Review: 2018 Chevy Traverse
  • Car Review

Review: 2018 Chevy Traverse

By David Undercoffler | March 15, 2018

Autolist rating: 2/5
But would we buy it? Maybe
Price range: $30,925 - $53,595

Key takeaways

  • The Traverse boasts one of the most useful and spacious interiors in its segment.
  • It's hundreds of pounds lighter than its predeccessor so it's agile on the road.
  • The tech-based safety features on the Travserse lag many of its competitors and it’s not a great value.

What is it?

TLDR: Big, functional, comes with a V6.

The Traverse is Chevy’s largest crossover; it’s larger than the midsize Equinox and compact Trax, but it’s smaller than the Tahoe and Suburban SUVs.

The Traverse competes against the likes of Honda’s Pilot, Ford’s Explorer, Mazda’s CX-9, Toyota’s Highlander, Nissan’s Pathfinder and Volkswagen’s Atlas.

Chevy redesigned the Traverse for 2018. It’s several inches longer and now sports a handsome design, inside and out, and a choice of two engines, both of which are paired with a nine-speed automatic transmission.

Nearly every trim level comes with a 310-horsepower V6 and standard front-wheel-drive.

The sport-tuned RS model is the only Traverse that comes with a 257-horsepower turbocharged four-cylinder engine.

There are a variety of trim levels for the Traverse: the base L, LS, LT Cloth, LT Leather, RS, Premier and High Country.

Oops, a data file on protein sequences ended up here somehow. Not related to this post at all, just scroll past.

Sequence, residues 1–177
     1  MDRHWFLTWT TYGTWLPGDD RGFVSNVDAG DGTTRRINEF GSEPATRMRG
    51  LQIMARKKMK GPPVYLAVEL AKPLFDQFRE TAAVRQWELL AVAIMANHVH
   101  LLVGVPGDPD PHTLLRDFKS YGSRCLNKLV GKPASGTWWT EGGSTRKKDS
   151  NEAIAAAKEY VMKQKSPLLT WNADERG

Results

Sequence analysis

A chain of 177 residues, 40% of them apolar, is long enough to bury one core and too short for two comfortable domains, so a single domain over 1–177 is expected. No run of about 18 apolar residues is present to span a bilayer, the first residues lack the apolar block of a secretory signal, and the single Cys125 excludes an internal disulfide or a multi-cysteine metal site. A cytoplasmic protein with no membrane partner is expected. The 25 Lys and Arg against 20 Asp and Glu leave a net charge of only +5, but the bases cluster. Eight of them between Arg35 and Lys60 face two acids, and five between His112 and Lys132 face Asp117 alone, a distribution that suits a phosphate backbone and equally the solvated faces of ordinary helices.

All-wheel-drive is a $2,000 or $3,800 option, depending on the model, though it’s not available on the RS and the base L.

What’s good

TLDR: Tons of room, style and power.

-- The interior space. The Traverse promises plenty of room for whatever and whoever you’re hauling around. While nearly every automaker in the industry offers a three-row crossover, few can match the space in the Traverse’s third row. The tall among us could ride back there on long trips with few complaints, it’s easy to get to the rear seats and they fold easily when not in use.

— The powertrain. Chevy trimmed several hundred pounds off the curb weight (how much the car weighs) of the 2018 Traverse, meaning the ultra-smooth V6 never has to work hard to accelerate. Overall this is a remarkably refined driving experience.

— The looks. Chevy’s designers outdid themselves with the styling of the Traverse. Handsome, upscale and unique aren’t guaranteed in this segment of family-haulers but this Chevy has all three in spades.

What’s bad

TLDR: Thirsty at the gas pump, not enough standard safety features.

— Where’s the beef? The Traverse is surprisingly stingy when it comes to amenities, especially compared to its rivals. Our $42,500 test model had a relatively spartan interior that seemed out of place given the price tag. Not even a sunroof.

— This poor value also affected its safety gear; our test Traverse lacked any kind of advanced safety tech like pre-collision braking, lane-keep assist or radar-cruise control. Many competitors offer it standard on their higher-end models above $40,000 or as options on lower-cost models. On the Chevy, you have to spend nearly $47,000 to get any of these items.

5 stars of execution

Safety? No

  • As mentioned, the Traverse lacks many of the tech-based safety features that are becoming common across the industry. Things like pre-collision braking and lane-keeping assist aren’t even available on most trims of the Traverse; they’re only optional on the high-end Premier and High Country. That shouldn’t be the case in 2018.
  • The good news is the Traverse does have a five-star safety rating from the National Highway Traffic Safety Administration (the independent Insurance Institute for Highway Safety hasn’t tested it yet).